A large Occupation force raided the village of Imreiha, north of Ya’bad and northwest of Jenin. Soldiers prevented the farmers from completing their work on two water reservoirs under the pretext that they were located in area C. Under Oslo, area C is under complete Occupation control and as such Palestinians wishing to build in C areas must obtain a permit. These permits are rarely issued.
***image2***For the past 10 years, the village council of Imreiha has been applying for a water network as well as an electricity network, but their applications have been constantly rejected. The council is facing the fact that the Occupation does not recognize the existence of this village and the right of the Palestinians to live on their land.
The 500 inhabitants of the village suffer from the lack of basic services and have met their most basic water needs through the purchase of costly water tanks. The supply is not sufficient, and the problem is exacerbated by the fact that they rely on livestock that require an increased amount of water.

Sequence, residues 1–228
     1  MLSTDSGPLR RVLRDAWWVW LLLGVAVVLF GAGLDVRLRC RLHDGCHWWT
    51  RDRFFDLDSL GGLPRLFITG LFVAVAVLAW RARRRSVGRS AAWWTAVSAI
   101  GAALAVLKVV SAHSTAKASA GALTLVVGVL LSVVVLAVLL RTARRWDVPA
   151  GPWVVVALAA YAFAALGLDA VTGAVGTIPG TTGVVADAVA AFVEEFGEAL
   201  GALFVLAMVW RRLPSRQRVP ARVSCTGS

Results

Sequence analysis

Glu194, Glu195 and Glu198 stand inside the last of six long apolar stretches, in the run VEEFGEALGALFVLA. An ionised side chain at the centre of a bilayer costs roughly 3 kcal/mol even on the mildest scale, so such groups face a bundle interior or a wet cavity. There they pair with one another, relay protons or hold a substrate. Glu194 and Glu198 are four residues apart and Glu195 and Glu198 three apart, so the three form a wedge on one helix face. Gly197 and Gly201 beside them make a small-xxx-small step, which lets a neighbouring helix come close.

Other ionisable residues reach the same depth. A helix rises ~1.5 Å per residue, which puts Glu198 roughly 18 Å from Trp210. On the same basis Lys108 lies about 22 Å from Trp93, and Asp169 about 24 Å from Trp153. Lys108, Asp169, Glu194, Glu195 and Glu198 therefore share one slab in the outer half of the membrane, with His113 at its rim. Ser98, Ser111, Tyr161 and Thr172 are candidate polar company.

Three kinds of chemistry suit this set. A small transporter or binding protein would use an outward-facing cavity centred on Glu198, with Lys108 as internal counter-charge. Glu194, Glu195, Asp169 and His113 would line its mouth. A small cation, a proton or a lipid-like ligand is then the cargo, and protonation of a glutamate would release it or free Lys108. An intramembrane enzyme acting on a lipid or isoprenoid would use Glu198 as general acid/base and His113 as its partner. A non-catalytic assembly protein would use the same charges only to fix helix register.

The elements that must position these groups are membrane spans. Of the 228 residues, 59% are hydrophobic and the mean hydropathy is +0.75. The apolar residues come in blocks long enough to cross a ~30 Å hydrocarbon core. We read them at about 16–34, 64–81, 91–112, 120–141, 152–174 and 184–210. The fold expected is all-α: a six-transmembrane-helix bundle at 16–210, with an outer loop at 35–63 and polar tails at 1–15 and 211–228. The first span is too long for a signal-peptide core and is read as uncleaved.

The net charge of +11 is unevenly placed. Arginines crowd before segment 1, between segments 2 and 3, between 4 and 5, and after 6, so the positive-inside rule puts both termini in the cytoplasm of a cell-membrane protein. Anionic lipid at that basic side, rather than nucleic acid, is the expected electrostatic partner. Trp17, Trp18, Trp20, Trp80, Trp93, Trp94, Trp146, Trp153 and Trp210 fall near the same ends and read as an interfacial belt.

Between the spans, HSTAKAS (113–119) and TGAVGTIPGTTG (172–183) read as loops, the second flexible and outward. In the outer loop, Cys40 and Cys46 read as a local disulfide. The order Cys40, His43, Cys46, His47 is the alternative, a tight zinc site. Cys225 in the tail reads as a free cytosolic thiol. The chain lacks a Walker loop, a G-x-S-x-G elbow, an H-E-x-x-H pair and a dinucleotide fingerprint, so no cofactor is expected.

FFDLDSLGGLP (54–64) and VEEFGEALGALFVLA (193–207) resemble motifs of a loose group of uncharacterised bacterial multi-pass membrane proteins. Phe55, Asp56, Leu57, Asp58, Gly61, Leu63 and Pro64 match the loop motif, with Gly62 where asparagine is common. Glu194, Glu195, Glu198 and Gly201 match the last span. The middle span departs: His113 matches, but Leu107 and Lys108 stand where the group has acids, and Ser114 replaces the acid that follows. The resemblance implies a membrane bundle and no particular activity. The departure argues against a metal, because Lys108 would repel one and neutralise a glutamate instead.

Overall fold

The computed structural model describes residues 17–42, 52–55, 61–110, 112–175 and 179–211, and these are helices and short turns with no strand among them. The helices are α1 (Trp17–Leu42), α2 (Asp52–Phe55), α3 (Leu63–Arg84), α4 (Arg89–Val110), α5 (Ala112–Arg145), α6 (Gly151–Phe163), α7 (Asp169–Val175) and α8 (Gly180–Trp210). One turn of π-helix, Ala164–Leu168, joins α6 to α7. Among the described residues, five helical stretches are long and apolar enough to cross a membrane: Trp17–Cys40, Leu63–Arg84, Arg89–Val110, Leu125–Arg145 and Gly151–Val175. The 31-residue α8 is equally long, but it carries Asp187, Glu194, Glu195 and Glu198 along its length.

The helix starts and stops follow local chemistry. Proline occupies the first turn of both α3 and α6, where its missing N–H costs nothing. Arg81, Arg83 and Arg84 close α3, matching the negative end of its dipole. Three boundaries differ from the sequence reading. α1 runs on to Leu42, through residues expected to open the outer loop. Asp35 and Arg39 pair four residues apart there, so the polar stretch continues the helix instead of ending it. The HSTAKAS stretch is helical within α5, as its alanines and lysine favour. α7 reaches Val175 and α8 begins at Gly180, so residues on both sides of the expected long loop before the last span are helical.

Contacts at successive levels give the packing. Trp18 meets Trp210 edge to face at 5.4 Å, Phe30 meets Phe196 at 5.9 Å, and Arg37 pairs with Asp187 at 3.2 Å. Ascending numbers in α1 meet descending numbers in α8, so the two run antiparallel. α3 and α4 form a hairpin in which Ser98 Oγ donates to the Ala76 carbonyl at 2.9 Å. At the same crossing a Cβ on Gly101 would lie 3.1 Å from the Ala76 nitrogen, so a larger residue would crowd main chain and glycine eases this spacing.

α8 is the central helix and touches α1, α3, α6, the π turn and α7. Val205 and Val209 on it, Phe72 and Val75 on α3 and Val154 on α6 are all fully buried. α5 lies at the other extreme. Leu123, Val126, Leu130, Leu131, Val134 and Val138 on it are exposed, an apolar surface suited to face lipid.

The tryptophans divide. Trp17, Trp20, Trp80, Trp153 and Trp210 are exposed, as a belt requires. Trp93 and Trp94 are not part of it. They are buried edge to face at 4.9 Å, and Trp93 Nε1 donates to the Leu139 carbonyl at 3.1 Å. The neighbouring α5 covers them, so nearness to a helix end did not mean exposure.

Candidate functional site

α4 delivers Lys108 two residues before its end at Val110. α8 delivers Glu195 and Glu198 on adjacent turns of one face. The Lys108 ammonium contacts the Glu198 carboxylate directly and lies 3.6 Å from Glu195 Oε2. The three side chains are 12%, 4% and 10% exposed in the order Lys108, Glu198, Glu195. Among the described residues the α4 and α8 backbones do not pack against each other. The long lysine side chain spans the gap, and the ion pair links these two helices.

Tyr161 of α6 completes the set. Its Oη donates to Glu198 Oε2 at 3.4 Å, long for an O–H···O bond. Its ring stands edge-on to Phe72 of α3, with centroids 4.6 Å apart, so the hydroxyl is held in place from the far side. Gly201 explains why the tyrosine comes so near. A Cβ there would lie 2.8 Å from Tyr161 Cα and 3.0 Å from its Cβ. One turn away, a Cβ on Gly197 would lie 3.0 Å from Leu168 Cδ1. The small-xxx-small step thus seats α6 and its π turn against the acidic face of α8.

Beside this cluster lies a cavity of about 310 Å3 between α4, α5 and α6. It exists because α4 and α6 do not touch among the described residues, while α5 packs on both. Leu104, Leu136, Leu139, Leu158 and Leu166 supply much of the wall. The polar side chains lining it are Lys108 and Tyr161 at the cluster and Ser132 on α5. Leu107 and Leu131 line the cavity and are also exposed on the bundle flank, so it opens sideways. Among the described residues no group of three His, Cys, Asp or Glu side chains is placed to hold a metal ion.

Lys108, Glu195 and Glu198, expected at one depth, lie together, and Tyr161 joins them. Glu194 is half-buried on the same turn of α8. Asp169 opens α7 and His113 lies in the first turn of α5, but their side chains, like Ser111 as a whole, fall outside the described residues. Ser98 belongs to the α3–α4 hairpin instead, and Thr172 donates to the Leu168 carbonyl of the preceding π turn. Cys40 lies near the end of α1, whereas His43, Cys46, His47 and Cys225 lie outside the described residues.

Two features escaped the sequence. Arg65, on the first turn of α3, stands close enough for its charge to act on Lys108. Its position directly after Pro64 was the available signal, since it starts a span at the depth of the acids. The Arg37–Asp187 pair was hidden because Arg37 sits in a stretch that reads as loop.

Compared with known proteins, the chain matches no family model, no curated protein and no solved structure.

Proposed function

The village of Imreiha has four Bedouin families: Turman, Hamdona, Abu Rmaileh and Abu Abed. They are all refugees, originally from the village of Sindyaneh, near Haifa. In 1948, the families were expelled from their homes by Zionist gangs. In 1967, Occupation forces targeted the people again. Following assaults, arrests and the confiscation of animals, the families were expelled for a second time and moved to Imreiha.
After the signing of the Oslo agreement, what resulted in the division of Palestinian areas, Imreiha was classified as C. As a result, these families are once in danger of displacement. The Occupation does not recognize the existence of this village nor its inhabitants and therefore forbids the villagers from developing or adding anything to their homes while at the same time preventing the establishment of infrastructure and services in the village.
During the second intifada, Occupation forces closed the only entrance to the village with a metal gate, reinforced military observation towers and a military checkpoint on the pretext of protecting settlements surrounding the village. These settlements include Hermesh, located 2 kilometers to the west, and Mevo Dotan 1 and 2, located 4 kilometers to the east. The Occupation forces also constructed part of the Apartheid Wall in the west, isolating farmers and Bedouin from their agricultural and grazing lands.